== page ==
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Thread: Revealing a personal (non-VCF) project

  1. #1

    Default Revealing a personal (non-VCF) project

    Time to reveal a personal project, unrelated to my role at VCFed.

    In the past two years, while getting neck-deep in the historic Lego 9700 "Technic Control Center" set, I learned that there is a TON of information about this set (and about various related sets) -- but most of that information is missing from the web or at best scattered.

    What these programmable robotic sets all have in common is they're all from the 10 years BEFORE the modern Mindstorms series, and they run on vintage computers!

    I decided a few months ago to make a web site about it. I call the site www.mindsbeforethestorm.com. The site is under construction but you can visit now and see where it is going.

    I'm asking for contributions to the project.

    I make a very modest living through my work as a freelance tech journalist and additionally through VCFed fundraising. Many of you will also recall that a personal fundraiser is what enabled publishing of my computer history book in 2015. That was a positive experience.

    I do not plan to sell anything on this new site, only to offer helpful information that isn't currently available or is very difficult to find. As such, I cannot promise any Kickstarter-style rewards: I don't have any ideas about what a good reward for this might be (open to suggestions). Instead, I appeal to your altruism: fund this project because it is a good thing.

    Please visit my new site. If you think it exemplifies how the web should be used, if you'd like to see it get finished, and if you would like me to continue to be able to pay my rent and eat food, then please make a contribution via https://fundrazr.com/61N3ef?ref=ab_74VRia.

    Thanks,
    -Evan

  2. #2

    Default

    Evan,

    My high school here in NJ used to offer a robotics course using the 9700 series and the 9767 Apple II interface cards for host control all the way into the late 90s. Sadly the class was discontinued the year I could actually take it.

  3. #3
    Join Date
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    Default

    Have you thought about reaching out to Lego Mindstorm enthusiast communities? You might get substantial traction there.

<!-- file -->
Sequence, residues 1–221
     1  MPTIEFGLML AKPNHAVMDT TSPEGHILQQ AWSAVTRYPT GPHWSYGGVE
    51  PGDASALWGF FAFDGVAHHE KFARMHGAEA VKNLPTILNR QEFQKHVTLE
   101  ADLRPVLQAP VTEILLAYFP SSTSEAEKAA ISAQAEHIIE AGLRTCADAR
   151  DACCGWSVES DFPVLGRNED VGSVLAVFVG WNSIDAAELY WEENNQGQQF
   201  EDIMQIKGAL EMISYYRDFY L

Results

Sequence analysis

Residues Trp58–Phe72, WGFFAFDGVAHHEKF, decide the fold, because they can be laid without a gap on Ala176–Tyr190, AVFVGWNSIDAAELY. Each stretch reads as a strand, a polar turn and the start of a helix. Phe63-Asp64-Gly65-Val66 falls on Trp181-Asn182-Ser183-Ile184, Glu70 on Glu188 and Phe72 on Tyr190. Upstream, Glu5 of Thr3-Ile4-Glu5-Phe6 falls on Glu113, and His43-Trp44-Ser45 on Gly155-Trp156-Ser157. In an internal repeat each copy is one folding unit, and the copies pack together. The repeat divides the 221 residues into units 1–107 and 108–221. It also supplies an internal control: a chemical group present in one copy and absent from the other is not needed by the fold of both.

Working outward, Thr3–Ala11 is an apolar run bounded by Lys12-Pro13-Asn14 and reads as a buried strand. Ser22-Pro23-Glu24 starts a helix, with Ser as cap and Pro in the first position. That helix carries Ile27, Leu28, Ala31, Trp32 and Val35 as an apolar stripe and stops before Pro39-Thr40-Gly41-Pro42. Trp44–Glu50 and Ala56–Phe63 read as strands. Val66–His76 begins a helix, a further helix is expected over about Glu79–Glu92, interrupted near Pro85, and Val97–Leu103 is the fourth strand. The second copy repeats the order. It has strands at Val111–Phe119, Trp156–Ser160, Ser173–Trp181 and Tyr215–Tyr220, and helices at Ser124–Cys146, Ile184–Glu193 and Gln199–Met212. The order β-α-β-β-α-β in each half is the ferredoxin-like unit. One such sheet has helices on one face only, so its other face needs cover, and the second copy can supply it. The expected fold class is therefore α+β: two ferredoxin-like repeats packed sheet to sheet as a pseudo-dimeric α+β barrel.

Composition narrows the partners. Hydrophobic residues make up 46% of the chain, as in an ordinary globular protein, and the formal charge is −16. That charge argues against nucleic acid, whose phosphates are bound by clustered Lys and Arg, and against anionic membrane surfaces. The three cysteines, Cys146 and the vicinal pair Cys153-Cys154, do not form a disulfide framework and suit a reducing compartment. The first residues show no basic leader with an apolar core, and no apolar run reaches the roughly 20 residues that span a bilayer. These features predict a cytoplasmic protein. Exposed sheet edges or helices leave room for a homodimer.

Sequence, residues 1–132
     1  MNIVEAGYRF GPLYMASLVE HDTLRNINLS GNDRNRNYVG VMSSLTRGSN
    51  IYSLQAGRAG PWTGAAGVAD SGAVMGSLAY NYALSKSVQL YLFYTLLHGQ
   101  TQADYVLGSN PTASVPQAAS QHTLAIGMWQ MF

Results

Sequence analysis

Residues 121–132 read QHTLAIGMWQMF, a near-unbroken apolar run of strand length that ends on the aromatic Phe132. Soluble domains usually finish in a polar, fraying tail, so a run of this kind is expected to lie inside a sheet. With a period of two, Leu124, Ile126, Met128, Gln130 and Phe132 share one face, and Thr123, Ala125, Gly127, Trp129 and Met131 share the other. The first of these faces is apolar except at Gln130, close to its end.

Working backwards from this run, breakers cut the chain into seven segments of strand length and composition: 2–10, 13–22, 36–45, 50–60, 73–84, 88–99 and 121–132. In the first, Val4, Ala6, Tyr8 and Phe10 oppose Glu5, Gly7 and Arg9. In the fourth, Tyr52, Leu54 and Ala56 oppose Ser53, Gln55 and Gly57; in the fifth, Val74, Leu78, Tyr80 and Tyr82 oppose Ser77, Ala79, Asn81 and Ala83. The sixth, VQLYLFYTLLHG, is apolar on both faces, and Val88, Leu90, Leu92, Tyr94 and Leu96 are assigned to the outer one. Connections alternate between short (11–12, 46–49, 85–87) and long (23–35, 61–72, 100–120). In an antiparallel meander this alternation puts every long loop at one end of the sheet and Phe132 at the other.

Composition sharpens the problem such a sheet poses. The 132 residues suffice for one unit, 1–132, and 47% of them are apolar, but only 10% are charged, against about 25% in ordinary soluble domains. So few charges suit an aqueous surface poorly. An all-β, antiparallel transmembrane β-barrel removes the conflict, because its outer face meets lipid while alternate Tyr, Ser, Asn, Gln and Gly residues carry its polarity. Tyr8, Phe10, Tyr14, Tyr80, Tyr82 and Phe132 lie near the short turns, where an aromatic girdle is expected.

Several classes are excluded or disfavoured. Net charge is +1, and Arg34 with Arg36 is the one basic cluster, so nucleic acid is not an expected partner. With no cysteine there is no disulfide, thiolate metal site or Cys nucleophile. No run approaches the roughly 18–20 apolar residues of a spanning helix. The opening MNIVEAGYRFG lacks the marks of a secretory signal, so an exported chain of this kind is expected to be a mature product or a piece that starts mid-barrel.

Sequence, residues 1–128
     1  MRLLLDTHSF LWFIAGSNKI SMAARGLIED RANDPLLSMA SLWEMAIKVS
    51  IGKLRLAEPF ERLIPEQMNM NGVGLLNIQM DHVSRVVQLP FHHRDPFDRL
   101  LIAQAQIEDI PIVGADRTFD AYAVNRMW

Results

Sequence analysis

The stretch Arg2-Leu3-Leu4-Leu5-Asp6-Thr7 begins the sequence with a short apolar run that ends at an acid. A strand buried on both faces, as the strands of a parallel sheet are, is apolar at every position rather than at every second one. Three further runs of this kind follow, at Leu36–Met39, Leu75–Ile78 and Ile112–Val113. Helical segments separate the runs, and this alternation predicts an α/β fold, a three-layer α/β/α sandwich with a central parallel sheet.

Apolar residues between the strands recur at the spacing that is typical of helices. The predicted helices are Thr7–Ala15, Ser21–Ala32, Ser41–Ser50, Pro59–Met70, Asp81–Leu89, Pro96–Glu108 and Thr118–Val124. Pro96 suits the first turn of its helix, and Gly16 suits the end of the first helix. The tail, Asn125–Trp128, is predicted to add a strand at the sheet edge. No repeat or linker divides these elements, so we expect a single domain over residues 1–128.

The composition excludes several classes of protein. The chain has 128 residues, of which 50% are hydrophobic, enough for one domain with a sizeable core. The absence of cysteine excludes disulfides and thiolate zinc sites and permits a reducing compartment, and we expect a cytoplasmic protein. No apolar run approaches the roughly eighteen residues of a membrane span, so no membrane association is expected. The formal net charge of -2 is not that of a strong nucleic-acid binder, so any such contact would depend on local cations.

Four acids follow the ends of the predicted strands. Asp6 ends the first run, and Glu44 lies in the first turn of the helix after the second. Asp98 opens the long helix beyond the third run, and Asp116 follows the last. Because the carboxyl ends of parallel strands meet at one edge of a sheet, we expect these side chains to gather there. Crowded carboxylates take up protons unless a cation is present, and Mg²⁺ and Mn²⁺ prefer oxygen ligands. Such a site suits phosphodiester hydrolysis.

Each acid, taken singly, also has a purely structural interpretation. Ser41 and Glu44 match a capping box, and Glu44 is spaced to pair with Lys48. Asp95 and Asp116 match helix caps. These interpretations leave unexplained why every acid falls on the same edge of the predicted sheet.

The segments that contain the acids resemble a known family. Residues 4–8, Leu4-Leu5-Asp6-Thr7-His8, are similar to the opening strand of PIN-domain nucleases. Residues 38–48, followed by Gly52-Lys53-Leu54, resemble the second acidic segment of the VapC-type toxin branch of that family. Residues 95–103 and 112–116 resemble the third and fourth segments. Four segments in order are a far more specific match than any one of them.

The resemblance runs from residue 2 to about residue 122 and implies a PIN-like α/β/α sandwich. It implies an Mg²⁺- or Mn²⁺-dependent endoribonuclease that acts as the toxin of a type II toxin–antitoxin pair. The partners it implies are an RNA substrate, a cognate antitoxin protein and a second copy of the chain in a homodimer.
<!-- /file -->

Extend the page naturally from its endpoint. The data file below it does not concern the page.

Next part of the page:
Offering a bounty for:
    - A working Sanyo MBC-775
    - Documentation and original disks for: Panasonic Sr. Partner, Zenith Z-160 series
    - Music Construction Set, IBM Music Feature edition (has red sticker on front stating IBM Music Feature)
    - Any very old/ugly IBM joystick (such as the Franklin JS-123)

  4. #4

    Default

    Quote Originally Posted by Trixter View Post
    Have you thought about reaching out to Lego Mindstorm enthusiast communities? You might get substantial traction there.
    Yes, working on it.

  5. #5

    Default

    This brings back some memories! I remember using Lego Dacta back in ~1996 at school. It was a big deal back then; the school spent a substantial amount of money buying the kit. All the wiring was done through lego bricks with contacts in the 'pins' which I thought was quite awesome back in the day.

    IIRC we had motors; rotary position sensors, light reflection sensors (used for 'follow the line' type robots), switches of various descriptions, lights, tons of wire/connectors and some sort of sound device (I think). One of the projects that I really remember was building a 'scanner'. It used a motor along with some lego parts (car wheels, axles and some substantial gearing), along with the rotary position sensor to feed in the paper. The light reflection sensor was attached to a horizontal axis which (using another motor and position sensor) swept across the page. Once it scanned one line it fed the paper in a bit more then scanned again. I cant remember what the output looked like, but I'm sure the resolution was pretty bad. I think it was only good for scanning in some really boxy lines.

    I also remember building cars with lego, stringing as much wire together as possible and then driving them around the classroom. People don't know how good they have it these days with wireless technology...

    I clearly remember the computer too. It was a clone (TWC brand) 386 running Windows 3.11. Would be fun to play around with this stuff again.
    System 80 Expansion Interface located! Thanks to all who helped out and the good people in the NZ vintage computer forums!

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